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Preliminary Breath Test (PBT) vs. Data Master (DM)

I am often asked by my clients what my advice would be if I were sitting next to them at the time they are pulled over. Would I advise them to submit to a PBT or not? Should he/she submit to a Data Master breathalyzer? What is the difference?


OWI, super drunk/high BAC, or Impaired Driving, otherwise known as drunk driving, are serious offenses in the State of Michigan. The ultimate outcome in an OWI (Operating While Intoxicated) or drunk driving case can ultimately depend on the knowledge you have at the time of the stop and your attitude at the time you are pulled over.


When interacting with law enforcement one should always do it respectfully and courteously. The time to fight or argue, is in court and should be left up to your attorney whom should have in depth legal knowledge and the law backing your case. However, you would like to balance this with knowing your rights as well.


When an officer suspects a citizen of driving drunk or operating while intoxicated by another substance, they make a stop with the intent of creating “probable cause” to make an arrest. An officer can only make an arrest if “probable cause” is raised in the officer’s mind. One way “probable cause” is determined is through observing a suspected drunk driver while completing what’s called field sobriety test or FST‘s. These are a coordination test designed to raise “probable cause” in the officers mind. The PBT or preliminary breath test, is a tool that raises “probable cause” as well, and the number it produces is typically a heavily weighed factor for the officer when making a determination to arrest. Putting everything together that the officer observed during the traffic stop, the FST‘s, and the PBT, the officer will ultimately make a determination whether “probable cause” is met. If a PBT is refused the officer can not make you take it, and so would not have the PBT number to go by, only his observation.


Refusing a PBT is merely civil infraction punishable by up to a $250 fine in most counties. It is a very important tool in the officer’s mind in the determination whether you were over the limit. However, a PBT is not as accurate as a chemical test, which is very different from a preliminary breath test. Because it’s not as accurate as the chemical test breathalyzer (also known as a data master) the preliminary breath test is usually non-admissible in court. There are exceptions to this rule and can be found under MCL 257.625 a(2)(b).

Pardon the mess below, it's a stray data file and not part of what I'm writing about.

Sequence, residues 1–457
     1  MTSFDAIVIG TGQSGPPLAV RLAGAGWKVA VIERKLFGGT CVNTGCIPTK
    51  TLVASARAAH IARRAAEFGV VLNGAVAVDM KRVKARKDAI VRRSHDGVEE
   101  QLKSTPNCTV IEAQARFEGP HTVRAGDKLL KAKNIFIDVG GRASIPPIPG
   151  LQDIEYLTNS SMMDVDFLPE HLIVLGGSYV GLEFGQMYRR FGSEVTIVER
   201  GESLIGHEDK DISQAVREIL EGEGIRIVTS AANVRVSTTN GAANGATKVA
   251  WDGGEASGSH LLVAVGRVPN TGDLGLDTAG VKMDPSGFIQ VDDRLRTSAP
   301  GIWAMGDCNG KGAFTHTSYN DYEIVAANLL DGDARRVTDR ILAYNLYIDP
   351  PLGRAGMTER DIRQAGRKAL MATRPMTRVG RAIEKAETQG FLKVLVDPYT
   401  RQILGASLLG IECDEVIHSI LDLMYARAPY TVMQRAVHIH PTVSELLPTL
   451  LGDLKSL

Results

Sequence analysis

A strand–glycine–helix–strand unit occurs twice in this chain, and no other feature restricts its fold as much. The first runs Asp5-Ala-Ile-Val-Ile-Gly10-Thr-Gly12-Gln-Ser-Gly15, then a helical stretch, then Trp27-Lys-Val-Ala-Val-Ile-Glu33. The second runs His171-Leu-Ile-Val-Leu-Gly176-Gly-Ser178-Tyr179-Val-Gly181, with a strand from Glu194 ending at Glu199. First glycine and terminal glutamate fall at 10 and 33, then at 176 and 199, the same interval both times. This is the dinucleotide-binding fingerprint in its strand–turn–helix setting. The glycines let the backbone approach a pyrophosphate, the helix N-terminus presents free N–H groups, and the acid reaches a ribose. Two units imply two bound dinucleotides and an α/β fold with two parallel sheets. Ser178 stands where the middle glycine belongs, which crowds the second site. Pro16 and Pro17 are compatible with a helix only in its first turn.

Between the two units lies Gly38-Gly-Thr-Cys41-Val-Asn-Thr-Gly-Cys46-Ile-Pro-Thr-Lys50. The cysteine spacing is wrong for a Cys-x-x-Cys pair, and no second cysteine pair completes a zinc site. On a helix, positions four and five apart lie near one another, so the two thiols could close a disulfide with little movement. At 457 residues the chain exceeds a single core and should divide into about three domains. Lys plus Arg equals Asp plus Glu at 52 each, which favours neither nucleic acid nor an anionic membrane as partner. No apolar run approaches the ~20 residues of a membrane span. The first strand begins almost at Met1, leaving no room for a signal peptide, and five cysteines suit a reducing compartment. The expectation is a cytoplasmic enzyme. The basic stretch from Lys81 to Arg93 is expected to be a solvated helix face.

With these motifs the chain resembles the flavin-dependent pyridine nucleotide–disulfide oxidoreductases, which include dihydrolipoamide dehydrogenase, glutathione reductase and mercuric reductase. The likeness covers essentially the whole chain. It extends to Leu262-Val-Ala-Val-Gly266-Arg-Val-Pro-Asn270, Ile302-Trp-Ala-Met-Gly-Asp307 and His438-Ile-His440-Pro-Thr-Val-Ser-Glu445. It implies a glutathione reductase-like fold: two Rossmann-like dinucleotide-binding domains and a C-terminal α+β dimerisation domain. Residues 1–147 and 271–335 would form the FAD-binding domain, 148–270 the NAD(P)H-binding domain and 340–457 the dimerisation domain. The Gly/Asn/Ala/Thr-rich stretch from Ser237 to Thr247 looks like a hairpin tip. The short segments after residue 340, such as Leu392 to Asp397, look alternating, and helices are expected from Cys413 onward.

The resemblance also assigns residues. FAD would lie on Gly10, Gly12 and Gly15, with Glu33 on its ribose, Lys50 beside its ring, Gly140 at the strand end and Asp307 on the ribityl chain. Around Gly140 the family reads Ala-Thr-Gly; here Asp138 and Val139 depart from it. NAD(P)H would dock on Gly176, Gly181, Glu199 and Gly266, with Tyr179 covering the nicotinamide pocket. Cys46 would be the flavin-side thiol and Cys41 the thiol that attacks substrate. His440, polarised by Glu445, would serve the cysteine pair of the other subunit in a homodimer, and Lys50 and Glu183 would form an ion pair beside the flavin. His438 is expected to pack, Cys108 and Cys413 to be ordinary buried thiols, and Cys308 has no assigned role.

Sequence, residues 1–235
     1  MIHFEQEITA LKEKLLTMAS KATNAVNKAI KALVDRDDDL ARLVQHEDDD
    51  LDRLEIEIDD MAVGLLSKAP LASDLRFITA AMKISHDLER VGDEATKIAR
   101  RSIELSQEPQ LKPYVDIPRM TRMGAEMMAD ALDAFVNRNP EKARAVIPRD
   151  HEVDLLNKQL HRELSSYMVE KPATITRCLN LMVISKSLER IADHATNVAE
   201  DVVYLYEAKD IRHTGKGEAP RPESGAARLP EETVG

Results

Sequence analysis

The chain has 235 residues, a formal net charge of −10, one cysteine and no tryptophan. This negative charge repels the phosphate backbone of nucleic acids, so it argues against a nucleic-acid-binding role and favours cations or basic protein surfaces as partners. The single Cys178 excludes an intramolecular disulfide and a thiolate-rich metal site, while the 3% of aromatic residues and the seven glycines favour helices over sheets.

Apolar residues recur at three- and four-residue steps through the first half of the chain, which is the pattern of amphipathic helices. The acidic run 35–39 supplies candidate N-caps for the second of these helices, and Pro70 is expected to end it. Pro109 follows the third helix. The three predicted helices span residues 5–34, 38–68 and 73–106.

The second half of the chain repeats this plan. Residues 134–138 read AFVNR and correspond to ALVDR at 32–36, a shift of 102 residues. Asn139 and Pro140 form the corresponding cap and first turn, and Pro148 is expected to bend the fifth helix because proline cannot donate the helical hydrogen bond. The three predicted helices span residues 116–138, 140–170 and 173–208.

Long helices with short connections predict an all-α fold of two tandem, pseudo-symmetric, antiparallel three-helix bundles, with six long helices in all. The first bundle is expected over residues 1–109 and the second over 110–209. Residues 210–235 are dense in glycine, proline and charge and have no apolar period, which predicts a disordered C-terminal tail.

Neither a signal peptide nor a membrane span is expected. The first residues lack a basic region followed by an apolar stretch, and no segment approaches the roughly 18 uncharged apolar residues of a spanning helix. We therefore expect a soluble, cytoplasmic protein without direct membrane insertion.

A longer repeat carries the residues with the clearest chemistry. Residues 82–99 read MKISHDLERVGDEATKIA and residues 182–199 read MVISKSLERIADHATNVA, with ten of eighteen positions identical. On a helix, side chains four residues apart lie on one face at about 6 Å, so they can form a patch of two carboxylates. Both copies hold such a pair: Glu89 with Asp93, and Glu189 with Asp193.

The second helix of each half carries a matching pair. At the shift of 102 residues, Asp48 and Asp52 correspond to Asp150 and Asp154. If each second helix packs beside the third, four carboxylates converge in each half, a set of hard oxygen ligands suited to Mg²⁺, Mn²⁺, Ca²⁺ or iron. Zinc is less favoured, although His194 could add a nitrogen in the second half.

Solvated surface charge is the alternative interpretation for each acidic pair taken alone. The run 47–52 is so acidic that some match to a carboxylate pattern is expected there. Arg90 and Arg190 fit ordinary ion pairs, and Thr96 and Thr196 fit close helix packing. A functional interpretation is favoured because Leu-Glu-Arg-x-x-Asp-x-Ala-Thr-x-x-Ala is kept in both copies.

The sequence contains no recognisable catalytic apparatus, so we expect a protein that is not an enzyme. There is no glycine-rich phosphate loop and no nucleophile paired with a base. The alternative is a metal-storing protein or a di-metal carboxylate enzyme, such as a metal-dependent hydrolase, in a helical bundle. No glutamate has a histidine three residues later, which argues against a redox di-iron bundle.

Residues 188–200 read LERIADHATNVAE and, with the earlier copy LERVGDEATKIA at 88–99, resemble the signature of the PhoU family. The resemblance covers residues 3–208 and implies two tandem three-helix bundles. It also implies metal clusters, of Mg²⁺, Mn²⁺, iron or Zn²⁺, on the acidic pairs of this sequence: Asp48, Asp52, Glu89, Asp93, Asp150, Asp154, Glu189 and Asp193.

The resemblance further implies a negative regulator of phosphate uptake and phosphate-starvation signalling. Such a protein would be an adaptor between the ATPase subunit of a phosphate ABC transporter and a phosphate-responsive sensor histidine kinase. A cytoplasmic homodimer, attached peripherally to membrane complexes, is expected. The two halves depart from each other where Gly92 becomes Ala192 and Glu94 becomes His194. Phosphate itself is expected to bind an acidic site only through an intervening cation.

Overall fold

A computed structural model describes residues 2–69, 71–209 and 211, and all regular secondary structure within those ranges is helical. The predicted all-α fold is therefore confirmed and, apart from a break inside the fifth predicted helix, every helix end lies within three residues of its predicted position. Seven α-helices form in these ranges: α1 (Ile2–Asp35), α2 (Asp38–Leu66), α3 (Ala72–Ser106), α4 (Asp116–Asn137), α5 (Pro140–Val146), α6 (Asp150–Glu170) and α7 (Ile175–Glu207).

So, because PBTs are usually not admissible in court, and they are such a heavily weighted factor in the officers’ determination of whether you are under the influence, I always advise my clients NOT to submit to a PBT.


Again, this is different from a chemical test. A chemical test is offered to you after an arrest is made meaning “probable cause” has already been determined. Usually an officer will request that you consent to a chemical test. A chemical test is either a blood, urine, or data master test. The data master is another type of breathalyzer that is stored typically at the jail or police station. This chemical test/breath test is considered to be much more accurate by the courts and is usually admissible in court for purposes of trial.

As such, Michigan has what’s called implied consent laws. It can be explained that these laws basically mean that because you own a license to drive in the State of Michigan and by signing your name and excepting that license, you give “implied consent” that you will comply with a chemical test request given by a police officer. So, if you ultimately do not submit willingly to a chemical test; you could be subject to what’s called an implied consent suspension. What this means is that the Secretary of State (SOS) will suspend your license for a period of one year. If you are being asked to consent to a chemical test, you should receive a form called a DI-177 form. This form is meant to inform you of what a decision to decline a chemical test can cost you. Basically, it can cost you your license for a year, so before making that decision make sure you realize what the ramifications can be.


There are ways to appeal these implied consent suspensions. One option must be done quickly, usually within 14 days. Other appeal tools can be written after 14 days so even if you did not talk to me right away, we still may be able to appeal due to a hardship. Please contact me right away to discuss your options in your case.


If you find yourself in any type of situation because of an OWI or drunk driving arrest please call Slep Legal Group, PLC. We can certainly help with all aspects of drunk driving, OWI, license suspension, implied consent suspensions, hardship appeals, driver license restoration, and/or traffic tickets and violations.

We are here to help you.

#forthepeople #thegoldstandardlawfirm #justicerequiresit #michigancriminaldefenselawyers

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